Greek Cypriot Finance Minister Michael Sarris, has visited Moscow, amid mounting speculation that Russia could step in with a rescue plan to safeguard high levels of Russian deposits in Greek Cypriot banks.
Greek Cyprus has asked Russia for a five-year extension of an existing loan of 2.5 billion euros that matures in 2016, and a reduction in the 4.5 %interest rate.
Sarris told reporters in Moscow: “We’re hoping for a good outcome, but we cannot really predict.”
Anastasiades spoke with Russian President Vladimir Putin by phone on Tuesday after the Greek Cypriot MPs rejected the proposed tax by 36 votes to 0 with 19 abstentions, to the cheers of demonstrators.
The stock exchange and banks remained closed. Greek Cypriots, in a panic, had emptied cash machines at the weekend after news broke that they would be taxed on their savings to raise 5.8 billion euros in exchange for the bailout, breaking an unspoken rule that usually bank depositors’ money remains untouched.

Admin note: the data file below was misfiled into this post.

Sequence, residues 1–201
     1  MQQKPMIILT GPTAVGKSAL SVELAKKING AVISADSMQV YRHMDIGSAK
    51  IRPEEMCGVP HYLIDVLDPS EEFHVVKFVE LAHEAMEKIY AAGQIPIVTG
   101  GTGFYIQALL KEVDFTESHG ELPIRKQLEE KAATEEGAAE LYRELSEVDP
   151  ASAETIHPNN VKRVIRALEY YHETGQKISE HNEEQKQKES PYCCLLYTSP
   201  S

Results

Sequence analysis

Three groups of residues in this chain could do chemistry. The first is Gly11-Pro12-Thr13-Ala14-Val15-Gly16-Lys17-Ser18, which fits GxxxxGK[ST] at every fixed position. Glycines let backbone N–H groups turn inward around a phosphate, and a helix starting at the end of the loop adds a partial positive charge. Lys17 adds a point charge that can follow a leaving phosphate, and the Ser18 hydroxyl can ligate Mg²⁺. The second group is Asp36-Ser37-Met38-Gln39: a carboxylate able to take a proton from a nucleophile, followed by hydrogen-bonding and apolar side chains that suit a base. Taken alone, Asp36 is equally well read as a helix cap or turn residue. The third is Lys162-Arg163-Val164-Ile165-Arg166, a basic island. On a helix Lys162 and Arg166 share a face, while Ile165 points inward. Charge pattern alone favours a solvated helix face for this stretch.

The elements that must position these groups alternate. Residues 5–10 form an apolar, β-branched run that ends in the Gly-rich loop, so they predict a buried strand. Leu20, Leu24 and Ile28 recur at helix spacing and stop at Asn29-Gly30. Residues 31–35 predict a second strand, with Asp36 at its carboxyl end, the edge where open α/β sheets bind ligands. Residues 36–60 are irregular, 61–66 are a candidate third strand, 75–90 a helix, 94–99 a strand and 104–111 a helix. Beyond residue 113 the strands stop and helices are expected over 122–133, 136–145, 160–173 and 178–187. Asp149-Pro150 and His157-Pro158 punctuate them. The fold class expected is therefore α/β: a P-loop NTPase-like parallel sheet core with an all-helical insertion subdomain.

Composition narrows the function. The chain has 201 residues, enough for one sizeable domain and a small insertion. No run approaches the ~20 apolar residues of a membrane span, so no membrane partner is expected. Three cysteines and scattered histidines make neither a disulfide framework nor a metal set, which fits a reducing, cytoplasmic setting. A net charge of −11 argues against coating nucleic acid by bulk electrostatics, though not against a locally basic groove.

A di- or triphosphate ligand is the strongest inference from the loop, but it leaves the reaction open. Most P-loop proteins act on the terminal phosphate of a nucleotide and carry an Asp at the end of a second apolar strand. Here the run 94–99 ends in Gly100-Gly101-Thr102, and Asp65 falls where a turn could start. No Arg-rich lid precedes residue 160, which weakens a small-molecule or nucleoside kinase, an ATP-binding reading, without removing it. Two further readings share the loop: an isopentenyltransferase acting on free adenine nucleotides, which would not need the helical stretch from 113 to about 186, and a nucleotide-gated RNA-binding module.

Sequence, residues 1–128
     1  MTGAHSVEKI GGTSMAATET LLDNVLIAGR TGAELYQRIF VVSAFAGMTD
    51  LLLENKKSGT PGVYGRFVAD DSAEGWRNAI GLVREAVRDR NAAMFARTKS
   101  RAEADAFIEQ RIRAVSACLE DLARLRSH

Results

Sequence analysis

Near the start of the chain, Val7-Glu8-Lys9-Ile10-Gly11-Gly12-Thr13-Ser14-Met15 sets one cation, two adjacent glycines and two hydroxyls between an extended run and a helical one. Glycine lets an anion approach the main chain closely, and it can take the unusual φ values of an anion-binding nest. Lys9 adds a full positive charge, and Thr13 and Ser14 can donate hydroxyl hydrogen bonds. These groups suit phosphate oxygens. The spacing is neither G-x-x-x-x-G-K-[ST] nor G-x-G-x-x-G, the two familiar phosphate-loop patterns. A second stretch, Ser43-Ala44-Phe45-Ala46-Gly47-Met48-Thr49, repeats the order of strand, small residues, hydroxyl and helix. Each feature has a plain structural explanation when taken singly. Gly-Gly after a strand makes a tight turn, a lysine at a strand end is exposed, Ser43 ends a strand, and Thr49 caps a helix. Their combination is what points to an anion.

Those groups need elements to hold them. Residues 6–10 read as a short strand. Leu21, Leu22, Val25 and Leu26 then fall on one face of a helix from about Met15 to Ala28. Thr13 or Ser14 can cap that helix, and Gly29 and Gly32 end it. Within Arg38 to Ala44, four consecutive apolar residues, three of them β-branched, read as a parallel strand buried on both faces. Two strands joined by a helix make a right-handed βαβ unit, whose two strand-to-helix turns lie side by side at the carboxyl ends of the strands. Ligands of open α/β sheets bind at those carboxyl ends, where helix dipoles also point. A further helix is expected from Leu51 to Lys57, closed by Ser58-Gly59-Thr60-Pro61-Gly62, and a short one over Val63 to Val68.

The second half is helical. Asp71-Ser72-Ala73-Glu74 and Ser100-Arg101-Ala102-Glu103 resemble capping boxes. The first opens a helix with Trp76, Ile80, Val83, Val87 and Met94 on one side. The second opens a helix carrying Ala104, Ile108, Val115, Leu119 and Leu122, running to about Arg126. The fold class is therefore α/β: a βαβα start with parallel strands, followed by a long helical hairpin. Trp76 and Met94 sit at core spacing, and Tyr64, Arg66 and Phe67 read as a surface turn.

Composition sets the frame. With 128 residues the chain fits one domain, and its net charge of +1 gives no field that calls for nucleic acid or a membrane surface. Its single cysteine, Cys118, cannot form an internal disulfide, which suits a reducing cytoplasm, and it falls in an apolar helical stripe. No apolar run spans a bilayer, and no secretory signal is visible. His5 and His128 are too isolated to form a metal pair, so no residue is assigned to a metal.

The crisis is unprecedented in the history of the east Mediterranean island of 1.1 million people.
While Brussels has emphasised that the tax measure was a one-off for a country that accounts for just 0.2 percent of Europe’s output, fears have grown that savers in other, larger European countries might be spurred to withdraw funds.
Even the Church of Greek Cyprus offered to help. “The entire wealth of the Church is at the disposal of the country … so that we can stand on our own two feet and not on those of foreigners,” Archbishop Chrysostomos said after meeting Anastasiades early today,
The Church of Greek Cyprus is a major shareholder in Greek Cyprus’s third-largest domestic lender, Hellenic Bank